Once touted as a “friendship cemented in blood,” the relations between Beijing and Pyongyang have deteriorated to new lows — perhaps to a point from which they cannot be salvaged.
The roots of mistrust stem back to the execution of Jang Song Thaek, the uncle of North Korea’s leader Kim Jong Un, in 2013, and the rift has intensified as the relationship was intertwined with the power struggles on the Chinese side.
While the world frets over North Korea’s threat to target the waters around the U.S. Pacific territory of Guam, home to the Andersen Air Force Base, the fact that the whole of China now falls in Pyongyang’s crosshairs is a consequential piece of the puzzle.
On May 21, North Korean leader Kim Jong Un witnessed the launch of a Pukguksong-2 solid-fuel, medium-range ballistic missile from Pukchang in the country’s South Pyongan Province.
The newly developed missile was equipped with a small camera to capture in-flight footage. With great fanfare, the state-run Korean Central Television released an extended video of the flight the following day.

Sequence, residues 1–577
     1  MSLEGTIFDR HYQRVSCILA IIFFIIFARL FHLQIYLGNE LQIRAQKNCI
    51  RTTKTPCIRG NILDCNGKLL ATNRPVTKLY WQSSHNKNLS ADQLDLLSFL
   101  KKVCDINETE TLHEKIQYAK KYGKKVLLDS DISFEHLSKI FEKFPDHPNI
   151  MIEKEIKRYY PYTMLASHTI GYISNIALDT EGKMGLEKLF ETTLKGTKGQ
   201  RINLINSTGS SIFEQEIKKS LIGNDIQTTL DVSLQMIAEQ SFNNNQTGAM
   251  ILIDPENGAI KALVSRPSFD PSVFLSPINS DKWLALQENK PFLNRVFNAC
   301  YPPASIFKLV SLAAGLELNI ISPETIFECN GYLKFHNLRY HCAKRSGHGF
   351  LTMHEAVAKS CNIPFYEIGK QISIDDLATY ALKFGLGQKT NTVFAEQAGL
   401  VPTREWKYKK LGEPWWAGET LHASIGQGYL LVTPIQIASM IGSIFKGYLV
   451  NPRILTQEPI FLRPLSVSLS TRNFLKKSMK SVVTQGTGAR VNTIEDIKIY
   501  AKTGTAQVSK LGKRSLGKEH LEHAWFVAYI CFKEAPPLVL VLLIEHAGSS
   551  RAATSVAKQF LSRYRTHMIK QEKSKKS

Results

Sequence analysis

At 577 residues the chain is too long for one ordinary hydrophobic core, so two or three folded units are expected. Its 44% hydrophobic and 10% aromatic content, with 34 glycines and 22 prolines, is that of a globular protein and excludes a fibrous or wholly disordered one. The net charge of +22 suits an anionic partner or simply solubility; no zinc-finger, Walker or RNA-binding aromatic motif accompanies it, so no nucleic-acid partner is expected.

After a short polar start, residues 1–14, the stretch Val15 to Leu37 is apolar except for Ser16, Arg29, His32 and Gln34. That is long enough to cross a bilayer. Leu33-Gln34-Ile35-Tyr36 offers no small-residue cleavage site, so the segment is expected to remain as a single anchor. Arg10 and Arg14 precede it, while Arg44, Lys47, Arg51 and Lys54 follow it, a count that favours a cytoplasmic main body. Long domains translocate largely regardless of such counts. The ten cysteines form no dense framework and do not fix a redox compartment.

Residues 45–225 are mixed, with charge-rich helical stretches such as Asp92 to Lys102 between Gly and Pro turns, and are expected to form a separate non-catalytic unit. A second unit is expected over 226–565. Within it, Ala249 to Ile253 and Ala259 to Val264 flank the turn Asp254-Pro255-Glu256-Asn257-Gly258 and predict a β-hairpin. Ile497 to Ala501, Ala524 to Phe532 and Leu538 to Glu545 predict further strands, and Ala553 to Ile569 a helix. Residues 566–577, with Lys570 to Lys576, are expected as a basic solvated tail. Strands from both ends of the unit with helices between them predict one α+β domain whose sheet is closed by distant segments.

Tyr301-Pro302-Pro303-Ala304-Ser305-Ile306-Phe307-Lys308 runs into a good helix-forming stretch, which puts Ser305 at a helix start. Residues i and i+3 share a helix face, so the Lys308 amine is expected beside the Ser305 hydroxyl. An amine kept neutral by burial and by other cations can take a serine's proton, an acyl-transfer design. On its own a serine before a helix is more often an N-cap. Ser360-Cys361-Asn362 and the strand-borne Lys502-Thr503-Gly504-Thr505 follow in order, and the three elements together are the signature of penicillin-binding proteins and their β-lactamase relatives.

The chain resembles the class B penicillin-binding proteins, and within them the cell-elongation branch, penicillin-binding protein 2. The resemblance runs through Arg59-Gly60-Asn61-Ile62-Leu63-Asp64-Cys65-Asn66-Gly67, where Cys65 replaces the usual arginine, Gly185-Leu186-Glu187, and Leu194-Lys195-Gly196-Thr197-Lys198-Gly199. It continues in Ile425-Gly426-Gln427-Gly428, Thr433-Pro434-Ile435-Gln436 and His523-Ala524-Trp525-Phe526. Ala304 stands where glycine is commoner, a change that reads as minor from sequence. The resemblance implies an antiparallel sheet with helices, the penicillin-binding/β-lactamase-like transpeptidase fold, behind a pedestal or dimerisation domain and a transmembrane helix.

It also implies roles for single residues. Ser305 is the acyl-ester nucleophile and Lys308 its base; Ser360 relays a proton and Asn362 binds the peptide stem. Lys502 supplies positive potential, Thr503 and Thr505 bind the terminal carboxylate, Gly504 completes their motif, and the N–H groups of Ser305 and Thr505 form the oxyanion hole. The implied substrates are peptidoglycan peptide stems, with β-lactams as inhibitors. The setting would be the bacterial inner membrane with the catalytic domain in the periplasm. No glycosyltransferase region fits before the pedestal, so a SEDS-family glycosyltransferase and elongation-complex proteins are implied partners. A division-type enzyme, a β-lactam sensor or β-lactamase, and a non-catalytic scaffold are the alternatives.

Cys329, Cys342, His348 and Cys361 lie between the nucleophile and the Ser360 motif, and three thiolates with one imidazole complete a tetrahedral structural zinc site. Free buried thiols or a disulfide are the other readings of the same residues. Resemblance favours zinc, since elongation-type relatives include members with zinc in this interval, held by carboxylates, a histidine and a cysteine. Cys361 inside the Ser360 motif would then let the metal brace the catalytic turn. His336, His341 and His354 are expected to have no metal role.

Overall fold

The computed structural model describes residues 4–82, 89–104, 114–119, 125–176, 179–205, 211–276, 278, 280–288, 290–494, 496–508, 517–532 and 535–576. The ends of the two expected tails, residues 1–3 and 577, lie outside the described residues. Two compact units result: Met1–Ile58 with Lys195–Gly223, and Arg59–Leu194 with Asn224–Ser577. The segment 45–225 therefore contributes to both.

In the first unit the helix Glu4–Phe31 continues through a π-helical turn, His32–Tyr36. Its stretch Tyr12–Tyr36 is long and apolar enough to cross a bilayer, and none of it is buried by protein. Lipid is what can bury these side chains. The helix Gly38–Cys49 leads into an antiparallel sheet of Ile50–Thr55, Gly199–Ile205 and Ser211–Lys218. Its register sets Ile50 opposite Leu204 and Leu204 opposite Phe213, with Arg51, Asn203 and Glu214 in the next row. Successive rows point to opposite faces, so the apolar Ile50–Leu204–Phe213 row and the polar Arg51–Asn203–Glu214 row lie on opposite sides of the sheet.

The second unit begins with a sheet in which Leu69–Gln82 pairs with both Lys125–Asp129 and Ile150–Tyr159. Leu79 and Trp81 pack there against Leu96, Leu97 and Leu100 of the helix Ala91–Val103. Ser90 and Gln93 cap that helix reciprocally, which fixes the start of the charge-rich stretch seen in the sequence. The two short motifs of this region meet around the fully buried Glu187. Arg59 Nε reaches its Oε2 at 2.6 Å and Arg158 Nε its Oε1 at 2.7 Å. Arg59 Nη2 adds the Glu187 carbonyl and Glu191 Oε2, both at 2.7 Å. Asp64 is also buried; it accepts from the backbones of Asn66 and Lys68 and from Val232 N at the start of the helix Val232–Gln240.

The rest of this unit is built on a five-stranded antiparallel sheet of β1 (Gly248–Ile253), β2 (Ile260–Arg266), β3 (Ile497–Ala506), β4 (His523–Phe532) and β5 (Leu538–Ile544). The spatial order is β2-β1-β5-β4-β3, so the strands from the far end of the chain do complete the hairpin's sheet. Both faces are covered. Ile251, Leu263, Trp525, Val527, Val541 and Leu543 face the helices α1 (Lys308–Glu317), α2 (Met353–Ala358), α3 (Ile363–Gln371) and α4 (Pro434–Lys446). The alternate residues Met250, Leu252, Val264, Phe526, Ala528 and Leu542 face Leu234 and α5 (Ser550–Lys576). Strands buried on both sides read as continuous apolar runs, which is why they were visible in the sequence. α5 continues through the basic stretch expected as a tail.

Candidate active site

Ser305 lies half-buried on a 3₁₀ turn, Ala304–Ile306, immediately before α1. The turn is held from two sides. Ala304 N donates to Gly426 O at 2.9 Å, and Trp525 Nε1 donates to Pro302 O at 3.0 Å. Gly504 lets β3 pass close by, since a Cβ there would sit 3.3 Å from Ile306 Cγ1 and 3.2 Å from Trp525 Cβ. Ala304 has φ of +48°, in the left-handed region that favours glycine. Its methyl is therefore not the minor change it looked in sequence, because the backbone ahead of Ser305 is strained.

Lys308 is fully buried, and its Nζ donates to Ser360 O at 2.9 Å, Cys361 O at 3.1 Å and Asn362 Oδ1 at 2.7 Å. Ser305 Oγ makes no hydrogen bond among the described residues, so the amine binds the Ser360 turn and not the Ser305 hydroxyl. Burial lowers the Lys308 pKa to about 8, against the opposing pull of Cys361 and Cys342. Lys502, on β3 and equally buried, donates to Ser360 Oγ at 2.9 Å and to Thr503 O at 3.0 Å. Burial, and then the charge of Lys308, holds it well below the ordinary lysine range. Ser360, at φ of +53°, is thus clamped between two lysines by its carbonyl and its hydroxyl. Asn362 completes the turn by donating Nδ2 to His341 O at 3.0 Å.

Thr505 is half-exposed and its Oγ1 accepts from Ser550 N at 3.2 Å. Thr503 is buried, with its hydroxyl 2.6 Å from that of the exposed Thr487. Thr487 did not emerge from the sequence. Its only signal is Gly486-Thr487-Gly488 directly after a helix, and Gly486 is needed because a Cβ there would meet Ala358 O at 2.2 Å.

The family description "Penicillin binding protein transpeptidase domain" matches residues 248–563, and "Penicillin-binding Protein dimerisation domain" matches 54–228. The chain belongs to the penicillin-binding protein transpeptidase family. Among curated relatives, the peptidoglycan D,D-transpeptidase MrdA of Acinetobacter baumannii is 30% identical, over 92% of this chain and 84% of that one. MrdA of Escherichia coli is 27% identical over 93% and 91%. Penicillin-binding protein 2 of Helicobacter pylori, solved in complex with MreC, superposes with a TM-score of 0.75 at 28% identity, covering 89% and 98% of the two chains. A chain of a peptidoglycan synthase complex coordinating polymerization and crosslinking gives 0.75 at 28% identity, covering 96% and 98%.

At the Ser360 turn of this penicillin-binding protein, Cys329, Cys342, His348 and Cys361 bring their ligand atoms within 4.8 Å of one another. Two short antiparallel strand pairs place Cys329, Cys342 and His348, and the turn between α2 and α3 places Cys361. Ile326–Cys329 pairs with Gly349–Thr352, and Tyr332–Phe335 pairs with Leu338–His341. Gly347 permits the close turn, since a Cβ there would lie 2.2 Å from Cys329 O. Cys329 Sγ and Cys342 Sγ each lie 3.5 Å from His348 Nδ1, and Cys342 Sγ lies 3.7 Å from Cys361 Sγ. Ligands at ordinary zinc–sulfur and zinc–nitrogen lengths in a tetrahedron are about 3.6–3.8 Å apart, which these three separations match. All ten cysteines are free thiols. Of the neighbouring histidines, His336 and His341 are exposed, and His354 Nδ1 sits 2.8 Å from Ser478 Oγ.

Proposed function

Bizarrely, while the missile was heading east towards the Sea of Japan, the footage focused on the west, back towards Chinese territory for an unusually long time, according to military experts.
“You can clearly see the Liaodong Peninsula, where Dalian and Lushun are located, ” one expert on Korea explained. “Towards the west of the peninsula is the Bohai Sea and the Yellow Sea is to the south. The footage would have also shown the capital Beijing if not for thick clouds.” Despite the clouds, the message was clear.
“Kim Jong Un is threatening Xi Jinping,” the same source said. “The intercontinental ballistic missiles Hwasong-12 and 14 are designed to target the U.S., but the medium-range Pukguksong-2 is meant for ranges that include Beijing.” Kim has apparently ordered mass production of the Pukguksongs.
A separate source said that Kim Jong Un considers possessing a nuclear weapon would enable North Korea to avoid becoming a semi-colony of China. Despite sanctions, North Korea depends heavily on China for oil and many other goods. The country’s markets are awash with Chinese-made products.
“With nuclear weapons and various ballistic missiles, North Korea can speak to China on an equal footing, even if it cannot compete economically,” the source explained.
Ultimately, by establishing diplomatic relations with the U.S., Pyongyang could be free from its dependence on China.